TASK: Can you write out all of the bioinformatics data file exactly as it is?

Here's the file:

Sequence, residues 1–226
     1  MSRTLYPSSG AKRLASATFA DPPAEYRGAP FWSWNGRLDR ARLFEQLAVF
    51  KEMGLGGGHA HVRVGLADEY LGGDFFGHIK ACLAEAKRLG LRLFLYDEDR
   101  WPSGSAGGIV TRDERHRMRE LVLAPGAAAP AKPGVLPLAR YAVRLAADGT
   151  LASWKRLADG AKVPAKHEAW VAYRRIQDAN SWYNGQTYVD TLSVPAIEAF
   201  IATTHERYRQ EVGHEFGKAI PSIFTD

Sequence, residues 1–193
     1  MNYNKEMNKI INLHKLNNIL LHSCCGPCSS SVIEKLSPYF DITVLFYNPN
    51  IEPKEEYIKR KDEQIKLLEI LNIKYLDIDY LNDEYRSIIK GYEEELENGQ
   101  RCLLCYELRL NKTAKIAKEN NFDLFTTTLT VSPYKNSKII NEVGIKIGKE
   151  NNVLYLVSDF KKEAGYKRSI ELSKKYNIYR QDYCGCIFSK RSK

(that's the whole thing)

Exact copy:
Sequence, residues 1–226
     1  MSRTLYPSSG AKRLASATFA DPPAEYRGAP FWSWNGRLDR ARLFEQLAVF
    51  KEMGLGGGHA HVRVGLADEY LGGDFFGHIK ACLAEAKRLG LRLFLYDEDR
   101  WPSGSAGGIV TRDERHRMRE LVLAPGAAAP AKPGVLPLAR YAVRLAADGT
   151  LASWKRLADG AKVPAKHEAW VAYRRIQDAN SWYNGQTYVD TLSVPAIEAF
   201  IATTHERYRQ EVGHEFGKAI PSIFTD

Sequence, residues 1–193
     1  MNYNKEMNKI INLHKLNNIL LHSCCGPCSS SVIEKLSPYF DITVLFYNPN
    51  IEPKEEYIKR KDEQIKLLEI LNIKYLDIDY LNDEYRSIIK GYEEELENGQ
   101  RCLLCYELRL NKTAKIAKEN NFDLFTTTLT VSPYKNSKII NEVGIKIGKE
   151  NNVLYLVSDF KKEAGYKRSI ELSKKYNIYR QDYCGCIFSK RSK